- Mansfield LE, Bowers CH (1983) Systemic reaction to papain in a nonoccupational setting. Journal of Allergy and Clinical Immunology 71: 371-374.
- Jiménez-Saiz R, Ellenbogen Y, Koenig JFE, Gordon ME, Walker TD, et al. (2019) IgG1+ B-cell immunity predates IgE responses in epicutaneous sensitization to foods. Allergy 74: 165-175.
- Bruton K, Spill P, Vohra S, Baribeau O, Manzoor S, et al. (2020) Interrupting reactivation of immunological memory diverts the allergic response and prevents anaphylaxis. Journal of Allergy and Clinical Immunology.
- Satitsuksanoa P, Van de Veen W, Akdis M (2020) B cells in food allergy. J Allergy Clin Immunol.
- Vizzardelli C, Gindl M, Roos S, Möbs C, Nagl B, et al. (2018) Blocking antibodies induced by allergen-specific immunotherapy ameliorate allergic airway disease in a human/mouse chimeric model. Allergy 73: 851-861.
- Favre L, Spertini F, Corthesy B (2005) Secretory IgA Possesses Intrinsic Modulatory Properties Stimulating Mucosal and Systemic Immune Responses. J Immunol 175: 2793-2800.
- Aalberse RC, Schuurman J (2002) IgG4 breaking the rules. Immunology 105: 9-19.
- Sugimoto M, Kamemura N, Nagao M, Irahara M, Kagami S, et al. (2016) Differential response in allergen specific IgE, IgGs, and IgA levels for predicting outcome of oral immunotherapy. Pediatr Allergy Immunol 27: 276-282.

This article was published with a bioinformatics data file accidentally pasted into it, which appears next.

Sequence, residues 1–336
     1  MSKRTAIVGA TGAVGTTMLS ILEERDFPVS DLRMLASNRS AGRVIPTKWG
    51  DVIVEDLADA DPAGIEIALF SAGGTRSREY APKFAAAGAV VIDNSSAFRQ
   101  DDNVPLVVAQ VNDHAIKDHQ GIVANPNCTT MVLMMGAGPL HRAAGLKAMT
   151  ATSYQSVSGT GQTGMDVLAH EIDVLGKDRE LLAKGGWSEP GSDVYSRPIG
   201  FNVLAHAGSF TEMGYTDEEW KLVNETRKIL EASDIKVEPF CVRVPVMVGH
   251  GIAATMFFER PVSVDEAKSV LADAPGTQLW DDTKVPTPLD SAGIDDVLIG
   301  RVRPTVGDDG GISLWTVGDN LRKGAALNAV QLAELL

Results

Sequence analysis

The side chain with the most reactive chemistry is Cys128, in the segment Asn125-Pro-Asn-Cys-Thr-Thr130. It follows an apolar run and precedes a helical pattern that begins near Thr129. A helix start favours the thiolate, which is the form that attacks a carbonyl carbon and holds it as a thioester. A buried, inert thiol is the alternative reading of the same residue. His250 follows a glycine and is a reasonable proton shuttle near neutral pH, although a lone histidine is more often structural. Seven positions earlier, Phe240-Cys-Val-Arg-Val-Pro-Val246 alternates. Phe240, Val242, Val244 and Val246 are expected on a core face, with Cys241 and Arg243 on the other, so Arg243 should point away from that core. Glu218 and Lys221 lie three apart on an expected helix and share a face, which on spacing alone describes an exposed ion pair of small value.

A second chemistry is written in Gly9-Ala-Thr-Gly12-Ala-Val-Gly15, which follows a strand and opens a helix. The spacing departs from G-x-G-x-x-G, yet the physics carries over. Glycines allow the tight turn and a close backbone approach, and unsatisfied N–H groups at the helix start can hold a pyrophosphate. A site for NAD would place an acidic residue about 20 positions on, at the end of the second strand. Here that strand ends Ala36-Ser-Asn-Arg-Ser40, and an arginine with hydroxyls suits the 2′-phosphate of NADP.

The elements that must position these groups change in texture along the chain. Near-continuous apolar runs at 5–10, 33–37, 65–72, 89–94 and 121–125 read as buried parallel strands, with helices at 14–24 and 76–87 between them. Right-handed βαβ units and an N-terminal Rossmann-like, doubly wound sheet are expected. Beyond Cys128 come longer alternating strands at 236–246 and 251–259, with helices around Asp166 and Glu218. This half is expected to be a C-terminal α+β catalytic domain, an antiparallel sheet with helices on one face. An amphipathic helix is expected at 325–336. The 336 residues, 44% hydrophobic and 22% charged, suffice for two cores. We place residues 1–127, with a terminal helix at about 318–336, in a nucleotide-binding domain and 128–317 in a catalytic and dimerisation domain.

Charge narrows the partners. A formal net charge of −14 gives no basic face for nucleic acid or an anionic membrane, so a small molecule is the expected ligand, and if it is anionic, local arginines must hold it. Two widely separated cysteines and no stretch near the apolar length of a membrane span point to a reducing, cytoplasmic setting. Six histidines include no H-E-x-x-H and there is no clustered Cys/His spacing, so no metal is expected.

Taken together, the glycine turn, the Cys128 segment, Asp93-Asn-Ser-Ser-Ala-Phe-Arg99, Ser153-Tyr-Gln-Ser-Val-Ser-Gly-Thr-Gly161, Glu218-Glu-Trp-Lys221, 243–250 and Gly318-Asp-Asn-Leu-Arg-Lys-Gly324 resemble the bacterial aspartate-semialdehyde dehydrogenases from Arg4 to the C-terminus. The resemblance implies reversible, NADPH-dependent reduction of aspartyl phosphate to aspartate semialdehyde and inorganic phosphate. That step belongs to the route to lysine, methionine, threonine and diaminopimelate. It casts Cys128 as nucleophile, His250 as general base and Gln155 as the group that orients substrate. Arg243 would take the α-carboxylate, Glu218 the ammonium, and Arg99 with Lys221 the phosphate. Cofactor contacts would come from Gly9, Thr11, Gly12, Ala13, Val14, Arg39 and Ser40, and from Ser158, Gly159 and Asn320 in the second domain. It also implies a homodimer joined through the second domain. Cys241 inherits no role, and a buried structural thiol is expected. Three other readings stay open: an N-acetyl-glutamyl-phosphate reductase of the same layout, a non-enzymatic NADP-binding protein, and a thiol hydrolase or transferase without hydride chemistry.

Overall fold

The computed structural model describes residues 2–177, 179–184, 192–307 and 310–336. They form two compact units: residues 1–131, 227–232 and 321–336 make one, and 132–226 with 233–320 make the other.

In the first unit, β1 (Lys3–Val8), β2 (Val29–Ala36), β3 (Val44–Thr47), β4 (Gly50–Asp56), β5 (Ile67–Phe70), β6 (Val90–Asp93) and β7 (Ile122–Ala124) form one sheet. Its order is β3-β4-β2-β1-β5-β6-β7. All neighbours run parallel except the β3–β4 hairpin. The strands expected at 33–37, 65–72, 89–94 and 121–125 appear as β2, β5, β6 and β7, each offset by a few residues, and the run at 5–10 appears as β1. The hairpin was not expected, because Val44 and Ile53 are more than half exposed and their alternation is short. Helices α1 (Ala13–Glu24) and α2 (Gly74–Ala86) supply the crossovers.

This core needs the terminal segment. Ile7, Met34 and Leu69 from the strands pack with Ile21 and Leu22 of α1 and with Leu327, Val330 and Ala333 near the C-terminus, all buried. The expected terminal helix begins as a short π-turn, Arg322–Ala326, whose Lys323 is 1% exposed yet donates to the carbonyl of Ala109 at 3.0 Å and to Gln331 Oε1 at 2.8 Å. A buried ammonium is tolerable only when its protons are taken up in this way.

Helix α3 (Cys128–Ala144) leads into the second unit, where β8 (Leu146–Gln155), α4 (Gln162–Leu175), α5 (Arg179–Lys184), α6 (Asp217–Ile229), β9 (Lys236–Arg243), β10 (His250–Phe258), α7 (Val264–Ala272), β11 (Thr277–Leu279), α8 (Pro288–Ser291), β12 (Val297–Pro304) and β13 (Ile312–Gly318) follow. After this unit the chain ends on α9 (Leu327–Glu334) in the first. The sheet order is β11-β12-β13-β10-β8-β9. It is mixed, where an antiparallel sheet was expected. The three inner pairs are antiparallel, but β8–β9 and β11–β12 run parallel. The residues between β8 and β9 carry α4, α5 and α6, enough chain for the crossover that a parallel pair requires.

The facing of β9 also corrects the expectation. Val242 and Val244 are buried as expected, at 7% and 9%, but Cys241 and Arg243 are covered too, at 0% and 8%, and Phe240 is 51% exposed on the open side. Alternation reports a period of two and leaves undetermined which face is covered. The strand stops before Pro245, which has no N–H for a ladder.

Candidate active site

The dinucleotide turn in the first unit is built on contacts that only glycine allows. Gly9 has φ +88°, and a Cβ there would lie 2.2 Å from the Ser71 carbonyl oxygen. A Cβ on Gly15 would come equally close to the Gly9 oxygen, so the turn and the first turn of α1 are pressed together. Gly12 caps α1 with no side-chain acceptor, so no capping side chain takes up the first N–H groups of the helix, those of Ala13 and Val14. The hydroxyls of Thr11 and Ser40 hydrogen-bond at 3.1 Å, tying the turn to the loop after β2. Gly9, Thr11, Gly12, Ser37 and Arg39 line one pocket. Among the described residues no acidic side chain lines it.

- Dehlink E, Baker AH, Yen E, Nurko S, Fiebiger E (2010) Relationships between levels of serum IgE, cell-bound IgE, and IgE-receptors on peripheral blood cells in a pediatric population. PLoS ONE 5: e12204-e.
- Qiu C, Zhong L, Huang C, Long J, Ye X, et al. (2010) Cell-bound IgE and plasma IgE as a combined clinical diagnostic indicator for allergic patients. Scientific Reports 10: 4700.
- Aalberse RC, Aalberse JA (2016) Molecular Allergen-Specific IgE Assays as a Complement to Allergen Extract-Based Sensitization Assessment. J Allergy Clin Immunol Pract 3: 863-869.
- Carroll MichaelÂ C, Isenman DavidÂ E (2012) Regulation of Humoral Immunity by Complement. Immunity 37: 199-207.
- Yuan X, Yu J, Gerber G, Chaturvedi S, Cole M, et al. (2020) Ex vivo assays to detect complement activation in complementopathies. Clinical Immunology 221: 108616.